Megaphone Diplomacy

We get many interesting guest speakers at the Command & General Staff College (CGSC)… and a few that aren’t so interesting. However, today we had the privileged of hearing the Deputy Supreme Allied Command Europe (aka the 2nd in-command at NATO). General Sir John Chalmers McColl is from the British Army and has served in Bosnia, Afghanistan, and Iraq. His main point was NATO is not just a military organization, but also (and most importantly) a political organization. Every decision (if made at all) is a compromise. And like all political decisions, the best way to reach a compromise is through face-to-face discussions, rather than through the media. He noted that “Megaphone Diplomacy” was more often than not counterproductive – that it usually ended in the recipient nation’s public opinion turning further against whatever issue was attempting to be pressed.
An example might be how the US has pressed in a public forum that our NATO partners need to send more combat troops to Afghanistan. Attempting to address this issue through the media or other public forums will not, in the end, result in the desired outcome of getting the commitment of more troops. The best way to gain results is to work with each country and take advantage of what resources they’re willing to provide. Overall, public opinion in the other NATO countries is against sending forces to Afghanistan. The US needs to understand this – and also understand it is not something we are going to change.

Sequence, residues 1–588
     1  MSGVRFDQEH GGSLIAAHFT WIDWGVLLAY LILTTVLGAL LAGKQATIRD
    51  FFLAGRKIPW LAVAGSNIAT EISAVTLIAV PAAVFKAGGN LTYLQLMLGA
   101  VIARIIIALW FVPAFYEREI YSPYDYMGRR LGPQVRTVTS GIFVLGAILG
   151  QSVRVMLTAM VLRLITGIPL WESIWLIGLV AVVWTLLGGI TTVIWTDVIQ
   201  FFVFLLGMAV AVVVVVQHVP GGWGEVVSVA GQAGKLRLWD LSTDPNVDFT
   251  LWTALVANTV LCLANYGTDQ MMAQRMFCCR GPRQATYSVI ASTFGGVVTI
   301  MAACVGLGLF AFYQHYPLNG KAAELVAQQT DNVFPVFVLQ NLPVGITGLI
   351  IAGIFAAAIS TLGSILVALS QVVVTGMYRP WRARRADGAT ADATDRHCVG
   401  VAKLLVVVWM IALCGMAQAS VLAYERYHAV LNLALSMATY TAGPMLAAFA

We’ve had some other great speakers within the last three months: the President of Uganda who gave an excellent talk about how to wage an insurgency, GEN Petraeus, and Dr. P. W. Singer. Dr. Singer is from the Brookings Institute and spoke about the role of the contractor and the military – he was probably the best guest speaker we’ve had. We also had a panel of reporters that included Noah Shachtman from Wired magazine. Noah represented the new media: blogs.